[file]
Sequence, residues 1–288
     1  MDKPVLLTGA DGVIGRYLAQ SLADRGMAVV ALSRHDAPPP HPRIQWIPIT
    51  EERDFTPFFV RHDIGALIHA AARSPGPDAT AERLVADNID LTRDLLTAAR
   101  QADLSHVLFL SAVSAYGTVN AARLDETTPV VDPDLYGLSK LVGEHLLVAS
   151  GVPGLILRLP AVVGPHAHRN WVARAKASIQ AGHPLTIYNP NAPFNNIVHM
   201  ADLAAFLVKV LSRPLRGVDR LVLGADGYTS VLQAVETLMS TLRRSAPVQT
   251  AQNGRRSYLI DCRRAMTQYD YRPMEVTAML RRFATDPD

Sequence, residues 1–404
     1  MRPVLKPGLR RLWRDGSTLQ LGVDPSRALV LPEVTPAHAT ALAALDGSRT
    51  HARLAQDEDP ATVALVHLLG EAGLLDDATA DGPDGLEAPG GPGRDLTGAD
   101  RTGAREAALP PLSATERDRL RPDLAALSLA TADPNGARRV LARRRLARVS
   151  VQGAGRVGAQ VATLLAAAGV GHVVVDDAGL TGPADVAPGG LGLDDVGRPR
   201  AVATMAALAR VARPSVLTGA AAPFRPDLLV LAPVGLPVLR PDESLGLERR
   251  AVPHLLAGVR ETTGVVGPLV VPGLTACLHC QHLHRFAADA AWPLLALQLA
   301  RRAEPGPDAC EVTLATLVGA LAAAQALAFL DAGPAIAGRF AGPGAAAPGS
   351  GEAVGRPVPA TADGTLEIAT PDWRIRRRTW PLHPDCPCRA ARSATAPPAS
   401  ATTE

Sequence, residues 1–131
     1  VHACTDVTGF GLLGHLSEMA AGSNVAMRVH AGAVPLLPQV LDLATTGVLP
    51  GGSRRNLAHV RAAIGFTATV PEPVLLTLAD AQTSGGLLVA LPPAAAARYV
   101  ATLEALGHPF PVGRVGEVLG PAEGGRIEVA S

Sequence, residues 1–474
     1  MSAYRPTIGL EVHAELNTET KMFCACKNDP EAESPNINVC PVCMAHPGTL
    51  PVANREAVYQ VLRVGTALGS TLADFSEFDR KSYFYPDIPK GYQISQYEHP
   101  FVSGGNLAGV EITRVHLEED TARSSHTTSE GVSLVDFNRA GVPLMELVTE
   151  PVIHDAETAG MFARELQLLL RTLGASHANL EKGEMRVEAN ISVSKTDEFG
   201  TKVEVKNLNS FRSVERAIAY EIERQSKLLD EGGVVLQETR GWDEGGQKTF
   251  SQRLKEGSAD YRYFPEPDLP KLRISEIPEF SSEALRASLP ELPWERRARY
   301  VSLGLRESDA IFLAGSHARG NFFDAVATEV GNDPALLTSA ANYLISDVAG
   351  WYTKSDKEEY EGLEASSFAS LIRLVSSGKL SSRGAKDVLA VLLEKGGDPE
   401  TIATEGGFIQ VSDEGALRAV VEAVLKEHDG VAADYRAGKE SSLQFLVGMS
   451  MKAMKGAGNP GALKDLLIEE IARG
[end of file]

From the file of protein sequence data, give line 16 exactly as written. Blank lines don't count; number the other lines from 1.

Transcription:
   351  GEAVGRPVPA TADGTLEIAT PDWRIRRRTW PLHPDCPCRA ARSATAPPAS